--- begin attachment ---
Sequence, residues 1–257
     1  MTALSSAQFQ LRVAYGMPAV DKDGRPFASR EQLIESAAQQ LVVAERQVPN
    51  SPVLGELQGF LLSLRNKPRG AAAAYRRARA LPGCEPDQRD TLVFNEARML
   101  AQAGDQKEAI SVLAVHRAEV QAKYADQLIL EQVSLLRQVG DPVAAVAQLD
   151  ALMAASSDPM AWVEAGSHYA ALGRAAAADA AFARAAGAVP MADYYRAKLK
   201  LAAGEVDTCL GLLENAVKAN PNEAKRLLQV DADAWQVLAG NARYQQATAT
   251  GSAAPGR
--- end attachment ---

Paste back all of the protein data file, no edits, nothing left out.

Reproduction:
Sequence, residues 1–257
     1  MTALSSAQFQ LRVAYGMPAV DKDGRPFASR EQLIESAAQQ LVVAERQVPN
    51  SPVLGELQGF LLSLRNKPRG AAAAYRRARA LPGCEPDQRD TLVFNEARML
   101  AQAGDQKEAI SVLAVHRAEV QAKYADQLIL EQVSLLRQVG DPVAAVAQLD
   151  ALMAASSDPM AWVEAGSHYA ALGRAAAADA AFARAAGAVP MADYYRAKLK
   201  LAAGEVDTCL GLLENAVKAN PNEAKRLLQV DADAWQVLAG NARYQQATAT
   251  GSAAPGR